I'm afraid I'm a couple of years behind the times, actually. I haven't played many of the most recent games. I keep up to date on the short games of the IF Competition, but between competitions I've been tracking other stuff than IF.

So, favorites... Anchorhead, for care and breadth. Worlds Apart, for encompassing an author's true inner world. Photopia, for rawness — or maybe I should say Little Blue Men. Rameses for — oh, the heck with it, I don't need to justify all of these.

A complete list would go on for a very long time, anyhow. Looking for perfect games is silly; I wind up looking for games that have something perfect within them. This happens more often than you might expect.

Do you generally enjoy graphic adventure games?

Well, I've written detailed reviews of — let me see — one, two, mmm, about forty-four graphical adventures. (Up to 48, if you count action games with strong adventure elements.)

Evidence is thus tending towards "yes".

I'm a couple of years behind in this category, too. Not because there are many graphical adventures — there are barely any, it seems — but because I'm playing on a Macintosh, and PC games are only accessible via an emulator. Recent games don't run well under emulation, even on the beefiest Mac.

Where do you see the IF scene going over the next few years?


Emily Short

Notable games: Galatea, Metamorphoses

Aliases: None so far

Website: Emily's website contains many interesting essays on the topic of IF, as well as an absolutely fantastic list of recommended IF games.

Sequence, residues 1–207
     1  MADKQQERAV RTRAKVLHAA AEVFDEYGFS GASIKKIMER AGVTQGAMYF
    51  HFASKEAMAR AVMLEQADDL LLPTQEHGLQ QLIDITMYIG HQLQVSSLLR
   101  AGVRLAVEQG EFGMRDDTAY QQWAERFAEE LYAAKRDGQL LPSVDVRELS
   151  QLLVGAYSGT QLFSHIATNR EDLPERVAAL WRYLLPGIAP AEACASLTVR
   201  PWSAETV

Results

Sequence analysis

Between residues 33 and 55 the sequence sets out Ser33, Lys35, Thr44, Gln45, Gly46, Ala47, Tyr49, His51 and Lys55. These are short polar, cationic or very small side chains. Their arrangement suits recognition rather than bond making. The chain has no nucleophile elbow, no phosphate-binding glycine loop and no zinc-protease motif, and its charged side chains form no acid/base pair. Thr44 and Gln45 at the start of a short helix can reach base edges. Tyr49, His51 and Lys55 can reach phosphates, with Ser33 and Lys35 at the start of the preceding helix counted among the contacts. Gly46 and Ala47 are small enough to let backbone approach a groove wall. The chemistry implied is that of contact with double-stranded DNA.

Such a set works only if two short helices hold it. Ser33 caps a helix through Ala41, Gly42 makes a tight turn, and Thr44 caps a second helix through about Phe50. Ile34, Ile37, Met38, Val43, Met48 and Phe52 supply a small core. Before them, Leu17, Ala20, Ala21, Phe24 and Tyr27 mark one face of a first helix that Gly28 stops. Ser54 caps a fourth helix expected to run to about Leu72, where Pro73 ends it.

Biography: Emily Short is notable for being the most prominent female author in the IF community. Her attention to the details and complexity of an NPC is notable, and she has also been responsible for starting some very interesting competitions, such as the fascinating WalkthroughComp.

Short's first game, Galatea, drew absolutely rave reviews for aspiring to a new level of art in interactive fiction. The complexity of the titular NPC can not truly be discovered until the conversation has been played through multiple times, and the layers of psychology involved have been examined deeper. Who knows how many times it takes to see everything in this game.

She continues to be active in the IF community, and I look forward to her future offerings. I thank her for submitting her answers to my questions as well.

How did you get started playing text adventures?

My parents are both pretty tech-aware, and my mother in particular has been programming professionally since before I was born. So they bought and played Infocom games, and I watched them play (and eventually played them myself). This was when I was five or six years old, so I don't remember it very clearly. But I do remember that even then I badly wanted to make a game of my own. I used to draw little maps, and I once typed in a BASIC text adventure from a book, which then played on my Vic 20. It wasn't very satisfying, though. I tried again later, when I was twelve or thirteen — still in BASIC. The results were pretty dreadful, because I didn't understand the concept of a parser, let alone have any notion how to write one. The game would only respond if you used exactly the correct commands. Needless to say, that didn't get finished either.

When I was in college, a friend of mine (who knew about my early love of text adventures) introduced me to the world of modern amateur IF, and at that point I realized I actually had a hope of writing something on the same level of technical sophistication as the Infocom games.

What IF work of yours are you most proud of, and why?